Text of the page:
Dr. Jeanne Williams uses therapeutic play to help families and educators
Have toys, will travel.
Dr. Jeanne Williams gets around—to schools, playgrounds, living rooms, even to Jamaica. She goes anywhere she can engage children in play.
No, she is not a Toys R Us sales rep. She is a psychologist who uses play therapy to help children work through life challenges, as well as to empower families and educators to use therapeutic play at home and in school.
“It is really quite instinctual for children to act out their problems through play,” says Williams. “My office is, of course, filled with toys and as soon as a child comes in, they sit down and start playing with them. Typically the story that is acted out mirrors a concern, problem, or anxiety that is troubling them. With a little guidance, support, and encouragement, they can often resolve the problem and create their own solution through play.”
Play is the way children learn about the world and their place in it. Learning, growing, and changing is fun, especially when it is both mentally and physically challenging and includes social interaction. Through group interaction and problem solving, they learn self-confidence and where they fit into the world. For example, playing video games contributes much less to a child’s development than does playing sports, climbing a tree, or having a pajama party.
In Williams’ practice, a few special controls are added to play to enhance its healing and restorative power. First and foremost is the element of safety. Because children are coming from frightening or stressful situations, they must be supported to work through their issues without fear of censorship. Schoolyard play appropriately has a certain degree of risk. Children are allowed to stretch themselves beyond their comfort zone. In contrast, therapeutic play requires an environment of complete safety and acceptance.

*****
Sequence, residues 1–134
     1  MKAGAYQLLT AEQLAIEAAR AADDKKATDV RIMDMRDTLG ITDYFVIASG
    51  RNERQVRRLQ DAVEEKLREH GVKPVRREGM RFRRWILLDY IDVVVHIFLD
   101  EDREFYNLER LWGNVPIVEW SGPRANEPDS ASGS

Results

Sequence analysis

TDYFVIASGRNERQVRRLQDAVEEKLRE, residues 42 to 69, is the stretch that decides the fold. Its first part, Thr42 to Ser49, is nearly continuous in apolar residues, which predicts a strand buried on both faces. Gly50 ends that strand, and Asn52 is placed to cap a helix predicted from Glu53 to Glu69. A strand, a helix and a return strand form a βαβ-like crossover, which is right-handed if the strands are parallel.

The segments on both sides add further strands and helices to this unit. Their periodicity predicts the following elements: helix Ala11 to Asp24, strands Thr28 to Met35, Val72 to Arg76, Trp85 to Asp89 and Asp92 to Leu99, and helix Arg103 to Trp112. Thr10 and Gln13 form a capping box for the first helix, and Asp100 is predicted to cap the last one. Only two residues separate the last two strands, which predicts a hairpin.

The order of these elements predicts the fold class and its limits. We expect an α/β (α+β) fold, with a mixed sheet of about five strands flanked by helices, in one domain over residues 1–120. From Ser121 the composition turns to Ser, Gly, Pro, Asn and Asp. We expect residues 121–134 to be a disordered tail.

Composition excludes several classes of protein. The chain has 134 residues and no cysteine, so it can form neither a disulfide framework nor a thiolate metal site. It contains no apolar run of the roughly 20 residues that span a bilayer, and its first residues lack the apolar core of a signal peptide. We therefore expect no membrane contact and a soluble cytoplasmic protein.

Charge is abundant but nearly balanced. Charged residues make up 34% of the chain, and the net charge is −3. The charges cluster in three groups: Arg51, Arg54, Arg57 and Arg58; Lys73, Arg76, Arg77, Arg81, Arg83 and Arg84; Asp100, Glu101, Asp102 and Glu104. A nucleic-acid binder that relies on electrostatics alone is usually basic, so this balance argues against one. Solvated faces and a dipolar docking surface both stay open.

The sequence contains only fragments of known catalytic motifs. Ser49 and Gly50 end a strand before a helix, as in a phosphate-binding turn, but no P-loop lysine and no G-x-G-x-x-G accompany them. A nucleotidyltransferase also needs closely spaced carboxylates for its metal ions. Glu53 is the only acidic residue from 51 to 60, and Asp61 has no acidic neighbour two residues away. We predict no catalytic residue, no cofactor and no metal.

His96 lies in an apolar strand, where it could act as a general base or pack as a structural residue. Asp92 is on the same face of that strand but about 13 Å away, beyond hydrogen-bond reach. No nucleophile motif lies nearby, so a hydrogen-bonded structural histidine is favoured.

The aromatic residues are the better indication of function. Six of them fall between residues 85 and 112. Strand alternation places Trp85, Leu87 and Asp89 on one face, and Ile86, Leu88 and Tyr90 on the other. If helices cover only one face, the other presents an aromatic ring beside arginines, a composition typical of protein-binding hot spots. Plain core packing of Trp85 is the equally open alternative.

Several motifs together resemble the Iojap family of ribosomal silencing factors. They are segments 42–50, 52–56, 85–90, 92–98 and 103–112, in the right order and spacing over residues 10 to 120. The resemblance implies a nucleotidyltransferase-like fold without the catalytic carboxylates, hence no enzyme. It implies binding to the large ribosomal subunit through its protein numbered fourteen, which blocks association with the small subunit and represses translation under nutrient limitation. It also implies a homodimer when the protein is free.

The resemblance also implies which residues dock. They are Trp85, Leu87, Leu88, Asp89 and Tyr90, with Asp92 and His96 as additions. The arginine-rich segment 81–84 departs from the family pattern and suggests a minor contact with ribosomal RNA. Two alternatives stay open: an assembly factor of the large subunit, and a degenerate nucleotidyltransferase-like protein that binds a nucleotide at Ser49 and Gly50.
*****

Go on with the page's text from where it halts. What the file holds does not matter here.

“The toys are symbols. Play is one of the primary ways that children process or come to terms with their issues or challenges, whether it is trauma, or loss, or abuse. Or there may also be behavioural or personality disorders. Play is the natural language of children. It is instinctual. A child’s play expresses their feelings and their unconscious thoughts.”
She adds: “For the past two summers, I have been visiting Jamaica and working with staff at children’s clubs. These are some of the most violent and disenfranchised neighbourhoods in the world. However, when children are encouraged and supported in restorative play, they are actually able to transcend their circumstances and process their trauma. Their behaviour changes.”
Williams’ interest in play therapy emerged as a natural extension of her work with families. She earned her masters degree in Denver, Colorado and then continued her studies at California Southern University. She recently completed a doctorate of psychology.
Williams and her husband David chose to settle in Alberta Ave seven years ago. “We have always enjoyed living in places where there is cultural and economic diversity and a strong sense of community. In 2011, we bought our home on 94 Street and have been thrilled living here ever since.”
The couple can also be seen regularly volunteering at community festivals and attending neighbourhood events. Since their move, Williams has assisted families and agencies in understanding the role that play can have in bettering the lives of children.
“In addition to counselling from my office, I have led staff training at the Boys and Girls Club in McCauley, have worked with mothers at the shelter for abused women, and have occasionally been able to provide assistance to families on limited incomes at a reduced fee.”
Williams offers short presentations (20-60 minutes) at no cost for teachers, parents, or others who spend time with children. She offers longer training sessions for a fee (half a day, full day, or more). Reach her at firstname.lastname@example.org, or at 780.757.8880.
Featured Image: Outdoor play is a great for exercise as well as gaining physical confidence. | Marcel Lajeunesse